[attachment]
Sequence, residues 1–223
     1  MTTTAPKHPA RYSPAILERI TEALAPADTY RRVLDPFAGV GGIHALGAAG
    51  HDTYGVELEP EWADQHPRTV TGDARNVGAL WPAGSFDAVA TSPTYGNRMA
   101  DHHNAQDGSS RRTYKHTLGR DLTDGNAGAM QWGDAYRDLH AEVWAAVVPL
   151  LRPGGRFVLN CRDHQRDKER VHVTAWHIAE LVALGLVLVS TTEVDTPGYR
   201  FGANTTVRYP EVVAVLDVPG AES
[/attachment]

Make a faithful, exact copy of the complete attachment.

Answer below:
Sequence, residues 1–223
     1  MTTTAPKHPA RYSPAILERI TEALAPADTY RRVLDPFAGV GGIHALGAAG
    51  HDTYGVELEP EWADQHPRTV TGDARNVGAL WPAGSFDAVA TSPTYGNRMA
   101  DHHNAQDGSS RRTYKHTLGR DLTDGNAGAM QWGDAYRDLH AEVWAAVVPL
   151  LRPGGRFVLN CRDHQRDKER VHVTAWHIAE LVALGLVLVS TTEVDTPGYR
   201  FGANTTVRYP EVVAVLDVPG AES